Old Man's War by John Scalzi
Synopsis from publisher:
John Perry did two things on his 75th birthday. First he visited his wife's grave. Then he joined the army.
The good news is that humanity finally made it into interstellar space. The bad news is that planets fit to live on are scarce—and alien races willing to fight us for them are common. So: we fight. To defend Earth, and to stake our own claim to planetary real estate. Far from Earth, the war has been going on for decades: brutal, bloody, unyielding.
Earth itself is a backwater. The bulk of humanity's resources are in the hands of the Colonial Defense Force. Everybody knows that when you reach retirement age, you can join the CDF. They don't want young people; they want people who carry the knowledge and skills of decades of living. You'll be taken off Earth and never allowed to return. You'll serve two years at the front. And if you survive, you'll be given a generous homestead stake of your own, on one of our hard-won colony planets.
John Perry is taking that deal. He has only the vaguest idea what to expect. Because the actual fight, light-years from home, is far, far harder than he can imagine—and what he will become is far stranger.My thoughts:
I came at this series backwards - a couple of years ago, I read and reviewed Zoe's Tale, the last book in the Old Man's War series. I fell in love with Scalzi's writing as I was reading that novel, and honestly don't know what it has taken me so long to pick the series back up again. I was completely captivated with Zoe, and in Old Man's War I became equally captivated with her father, John Perry.
Perry is just an ordinary guy - fairly intelligent, with a good sense of humor, who misses his wife. He's the kind of person everyone can relate to in one way or another, so watching him make the journey from naive civilian to battle-scarred soldier is fascinating. I could see myself in his emotions and reactions, and that only served to make him more sympathetic. Perry's group of friends - the Old Farts, as they call themselves - are diverse and interesting, and each feels like someone you would enjoy knowing.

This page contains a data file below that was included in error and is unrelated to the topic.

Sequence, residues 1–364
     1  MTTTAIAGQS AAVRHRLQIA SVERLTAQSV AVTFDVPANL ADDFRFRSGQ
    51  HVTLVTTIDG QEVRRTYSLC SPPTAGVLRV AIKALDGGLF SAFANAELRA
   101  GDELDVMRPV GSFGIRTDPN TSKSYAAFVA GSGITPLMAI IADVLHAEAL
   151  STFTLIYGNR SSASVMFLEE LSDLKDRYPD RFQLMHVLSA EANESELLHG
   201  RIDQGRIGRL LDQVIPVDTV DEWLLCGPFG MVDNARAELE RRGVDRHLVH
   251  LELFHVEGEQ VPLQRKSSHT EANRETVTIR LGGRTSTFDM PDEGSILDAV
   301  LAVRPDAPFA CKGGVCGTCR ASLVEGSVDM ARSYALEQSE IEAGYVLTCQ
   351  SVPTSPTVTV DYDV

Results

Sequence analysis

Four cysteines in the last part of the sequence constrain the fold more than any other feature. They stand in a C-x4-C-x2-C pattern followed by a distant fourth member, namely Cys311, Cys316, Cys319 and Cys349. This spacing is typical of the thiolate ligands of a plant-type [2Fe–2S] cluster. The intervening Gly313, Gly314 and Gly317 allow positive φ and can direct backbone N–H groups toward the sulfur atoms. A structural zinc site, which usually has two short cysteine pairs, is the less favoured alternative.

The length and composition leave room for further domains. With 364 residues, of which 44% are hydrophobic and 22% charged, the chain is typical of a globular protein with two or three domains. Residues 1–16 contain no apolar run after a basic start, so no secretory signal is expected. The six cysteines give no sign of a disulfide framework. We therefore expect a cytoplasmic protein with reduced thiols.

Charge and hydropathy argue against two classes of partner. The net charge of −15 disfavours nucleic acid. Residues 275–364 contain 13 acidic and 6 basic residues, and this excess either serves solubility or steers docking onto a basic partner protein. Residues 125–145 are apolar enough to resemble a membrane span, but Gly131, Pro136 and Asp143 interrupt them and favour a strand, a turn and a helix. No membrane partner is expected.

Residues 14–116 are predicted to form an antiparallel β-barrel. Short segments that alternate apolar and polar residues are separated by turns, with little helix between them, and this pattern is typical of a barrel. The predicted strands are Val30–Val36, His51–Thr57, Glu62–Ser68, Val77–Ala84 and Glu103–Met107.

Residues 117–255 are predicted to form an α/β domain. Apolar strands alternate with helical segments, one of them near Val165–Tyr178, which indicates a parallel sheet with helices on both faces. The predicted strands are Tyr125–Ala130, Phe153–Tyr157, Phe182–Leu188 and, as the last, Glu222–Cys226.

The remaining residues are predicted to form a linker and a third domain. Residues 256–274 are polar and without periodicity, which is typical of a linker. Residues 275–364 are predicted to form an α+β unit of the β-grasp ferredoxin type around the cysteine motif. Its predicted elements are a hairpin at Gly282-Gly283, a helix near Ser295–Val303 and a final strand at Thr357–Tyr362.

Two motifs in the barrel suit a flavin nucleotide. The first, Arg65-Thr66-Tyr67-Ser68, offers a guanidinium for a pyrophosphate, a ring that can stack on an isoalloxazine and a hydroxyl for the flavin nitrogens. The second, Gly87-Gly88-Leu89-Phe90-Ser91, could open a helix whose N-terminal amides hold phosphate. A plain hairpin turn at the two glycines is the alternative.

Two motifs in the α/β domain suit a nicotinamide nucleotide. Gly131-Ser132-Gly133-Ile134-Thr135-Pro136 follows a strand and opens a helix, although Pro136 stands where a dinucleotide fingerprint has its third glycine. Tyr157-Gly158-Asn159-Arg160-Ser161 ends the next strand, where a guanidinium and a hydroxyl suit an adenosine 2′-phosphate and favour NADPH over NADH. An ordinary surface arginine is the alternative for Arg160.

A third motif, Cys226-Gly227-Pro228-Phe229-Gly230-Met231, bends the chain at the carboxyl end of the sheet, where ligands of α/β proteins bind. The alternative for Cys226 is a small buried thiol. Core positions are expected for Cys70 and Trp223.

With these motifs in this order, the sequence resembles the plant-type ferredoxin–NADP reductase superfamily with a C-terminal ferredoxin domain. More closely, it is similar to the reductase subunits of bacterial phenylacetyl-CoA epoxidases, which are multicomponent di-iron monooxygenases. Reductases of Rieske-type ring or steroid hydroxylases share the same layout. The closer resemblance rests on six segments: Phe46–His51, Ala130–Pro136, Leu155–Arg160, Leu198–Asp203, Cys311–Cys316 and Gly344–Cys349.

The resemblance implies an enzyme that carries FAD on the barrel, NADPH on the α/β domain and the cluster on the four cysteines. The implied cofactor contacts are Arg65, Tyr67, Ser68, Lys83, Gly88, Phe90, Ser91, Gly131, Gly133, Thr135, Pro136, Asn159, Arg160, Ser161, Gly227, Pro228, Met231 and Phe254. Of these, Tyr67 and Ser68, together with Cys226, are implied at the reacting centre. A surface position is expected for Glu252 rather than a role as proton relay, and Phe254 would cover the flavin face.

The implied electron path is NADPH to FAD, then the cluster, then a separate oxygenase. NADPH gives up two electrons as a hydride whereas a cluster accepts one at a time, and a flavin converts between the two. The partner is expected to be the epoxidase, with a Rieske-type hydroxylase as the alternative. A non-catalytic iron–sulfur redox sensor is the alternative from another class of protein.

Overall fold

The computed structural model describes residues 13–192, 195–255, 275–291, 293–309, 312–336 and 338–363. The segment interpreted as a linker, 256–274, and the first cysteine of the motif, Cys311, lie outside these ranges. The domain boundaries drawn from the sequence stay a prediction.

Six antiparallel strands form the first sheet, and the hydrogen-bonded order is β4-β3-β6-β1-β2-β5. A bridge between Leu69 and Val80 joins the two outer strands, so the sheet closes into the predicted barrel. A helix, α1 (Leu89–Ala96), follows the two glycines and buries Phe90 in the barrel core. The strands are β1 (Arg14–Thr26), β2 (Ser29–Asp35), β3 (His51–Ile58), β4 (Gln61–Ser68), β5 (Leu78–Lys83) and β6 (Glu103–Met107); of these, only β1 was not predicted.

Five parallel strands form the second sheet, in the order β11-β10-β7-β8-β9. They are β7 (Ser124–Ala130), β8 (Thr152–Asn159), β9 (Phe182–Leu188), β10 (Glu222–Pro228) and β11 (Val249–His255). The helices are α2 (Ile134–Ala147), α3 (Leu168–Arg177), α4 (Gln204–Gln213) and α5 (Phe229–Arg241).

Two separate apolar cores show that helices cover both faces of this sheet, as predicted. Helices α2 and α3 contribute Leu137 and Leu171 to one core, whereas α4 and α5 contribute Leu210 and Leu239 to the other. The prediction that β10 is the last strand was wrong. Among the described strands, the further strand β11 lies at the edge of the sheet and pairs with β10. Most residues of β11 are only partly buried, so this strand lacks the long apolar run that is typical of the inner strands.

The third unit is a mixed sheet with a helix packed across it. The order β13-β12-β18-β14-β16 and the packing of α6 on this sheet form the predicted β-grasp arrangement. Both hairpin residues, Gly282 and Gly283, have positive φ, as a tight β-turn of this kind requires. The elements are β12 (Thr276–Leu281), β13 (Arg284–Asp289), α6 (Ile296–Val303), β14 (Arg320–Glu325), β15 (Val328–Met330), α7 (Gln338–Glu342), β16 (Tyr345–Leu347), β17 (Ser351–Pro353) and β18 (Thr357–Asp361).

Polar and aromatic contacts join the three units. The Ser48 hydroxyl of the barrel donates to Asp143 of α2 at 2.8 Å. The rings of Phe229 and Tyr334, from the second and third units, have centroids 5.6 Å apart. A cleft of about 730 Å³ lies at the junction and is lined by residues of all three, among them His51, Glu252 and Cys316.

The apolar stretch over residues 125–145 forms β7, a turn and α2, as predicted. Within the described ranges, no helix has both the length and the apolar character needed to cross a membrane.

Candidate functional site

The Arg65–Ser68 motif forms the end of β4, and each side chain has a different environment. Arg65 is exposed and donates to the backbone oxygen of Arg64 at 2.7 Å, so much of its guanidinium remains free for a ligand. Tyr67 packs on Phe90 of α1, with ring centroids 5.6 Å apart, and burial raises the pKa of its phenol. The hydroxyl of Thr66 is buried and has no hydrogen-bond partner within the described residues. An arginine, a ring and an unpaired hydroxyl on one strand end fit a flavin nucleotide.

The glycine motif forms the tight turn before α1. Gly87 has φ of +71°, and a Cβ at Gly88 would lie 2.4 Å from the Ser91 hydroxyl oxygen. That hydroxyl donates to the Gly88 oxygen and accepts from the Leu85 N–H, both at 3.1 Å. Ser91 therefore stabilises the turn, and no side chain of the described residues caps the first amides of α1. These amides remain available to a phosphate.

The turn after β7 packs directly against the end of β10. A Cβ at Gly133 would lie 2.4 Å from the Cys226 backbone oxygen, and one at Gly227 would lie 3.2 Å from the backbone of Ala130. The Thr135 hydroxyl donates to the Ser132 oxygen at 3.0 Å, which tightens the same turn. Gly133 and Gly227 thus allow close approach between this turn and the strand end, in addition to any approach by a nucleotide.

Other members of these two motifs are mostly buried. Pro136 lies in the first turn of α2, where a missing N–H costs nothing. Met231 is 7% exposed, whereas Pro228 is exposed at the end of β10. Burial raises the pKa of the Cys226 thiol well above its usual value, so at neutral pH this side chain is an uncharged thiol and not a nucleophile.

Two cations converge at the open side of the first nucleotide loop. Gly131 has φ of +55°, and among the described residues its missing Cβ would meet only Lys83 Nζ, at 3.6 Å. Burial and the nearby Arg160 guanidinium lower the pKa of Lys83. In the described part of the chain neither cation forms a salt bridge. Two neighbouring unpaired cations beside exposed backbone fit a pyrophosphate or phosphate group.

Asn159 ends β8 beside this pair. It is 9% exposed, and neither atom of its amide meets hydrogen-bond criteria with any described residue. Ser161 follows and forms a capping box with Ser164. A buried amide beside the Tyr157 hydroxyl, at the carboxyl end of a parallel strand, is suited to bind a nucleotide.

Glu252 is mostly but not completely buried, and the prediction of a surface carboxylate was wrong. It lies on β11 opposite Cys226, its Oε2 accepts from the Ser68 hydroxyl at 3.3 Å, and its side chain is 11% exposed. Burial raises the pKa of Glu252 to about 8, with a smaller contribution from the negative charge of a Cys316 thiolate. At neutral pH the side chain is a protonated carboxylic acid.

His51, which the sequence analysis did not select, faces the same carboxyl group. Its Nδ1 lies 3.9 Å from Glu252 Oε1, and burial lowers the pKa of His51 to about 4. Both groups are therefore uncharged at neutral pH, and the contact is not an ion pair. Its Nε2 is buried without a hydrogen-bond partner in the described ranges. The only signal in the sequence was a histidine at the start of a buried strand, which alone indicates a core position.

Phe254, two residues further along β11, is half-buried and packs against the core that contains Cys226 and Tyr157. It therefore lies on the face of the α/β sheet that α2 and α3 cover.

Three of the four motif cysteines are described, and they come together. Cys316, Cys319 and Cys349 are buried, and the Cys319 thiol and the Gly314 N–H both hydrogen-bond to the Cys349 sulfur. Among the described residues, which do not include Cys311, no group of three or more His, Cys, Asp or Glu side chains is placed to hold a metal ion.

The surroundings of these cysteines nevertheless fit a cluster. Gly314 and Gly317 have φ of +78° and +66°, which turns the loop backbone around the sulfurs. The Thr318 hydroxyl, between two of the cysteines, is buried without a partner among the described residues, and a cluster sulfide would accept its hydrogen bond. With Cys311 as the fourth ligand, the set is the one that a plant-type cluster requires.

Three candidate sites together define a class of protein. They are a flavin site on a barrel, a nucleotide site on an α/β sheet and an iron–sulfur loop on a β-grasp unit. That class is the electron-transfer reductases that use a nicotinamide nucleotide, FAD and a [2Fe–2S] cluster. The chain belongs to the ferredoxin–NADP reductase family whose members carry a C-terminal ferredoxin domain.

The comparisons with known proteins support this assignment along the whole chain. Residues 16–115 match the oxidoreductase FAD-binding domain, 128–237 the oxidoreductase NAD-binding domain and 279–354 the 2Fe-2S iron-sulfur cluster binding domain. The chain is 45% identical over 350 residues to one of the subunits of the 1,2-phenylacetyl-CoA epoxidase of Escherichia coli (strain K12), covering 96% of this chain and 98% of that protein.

Scalzi is a wonderful storyteller, spinning his tale with humor and tension, keeping the reader turning pages long after they should be in bed for the night. He also gives the reader much to think about - questions about the glorification or vilification of the military, the importance of personal identity and what it means to be truly human - but never in a way that feels heavy-handed or preachy. And I very much enjoy his writing style - here is an excerpt that describes the last time Perry and his friends see Earth:
"And then the Earth slowly began to shrink in the video screen, still massive, and still brilliant blue and white, but clearly, inexorably, beginning to take up a smaller portion of the screen. We silently watched it shrink, all of the several hundred recruits who came to look. I looked over at Harry, who, despite his earlier blustering, was quiet and reflective. Jesse had a tear on her cheek.
'Hey', I said, and gripped her hand. 'Not too sad, remember?'
She smiled and me and gripped my hand. 'No', she said hoarsely. 'Not too sad. But even still. Even still.'
We sat there some more and watched everything we ever knew shrink in the viewscreen." (p.45)
My husband and I read this book together, and both enjoyed it very much. It prompted a rather in-depth discussion about the physics involved in the novel. (As Harry says over and over, I just don't have the math. *grin*)
I love this series, and can't recommend it highly enough. It would be a great introduction to science fiction for someone who is unsure of the genre. Scalzi recently announced on his website that Old Man's War has been optioned for a movie deal - that is one movie I can't wait to see!
Source: my shelves
MPAA rating: R for sexuality and strong military violence
My rating: 9/10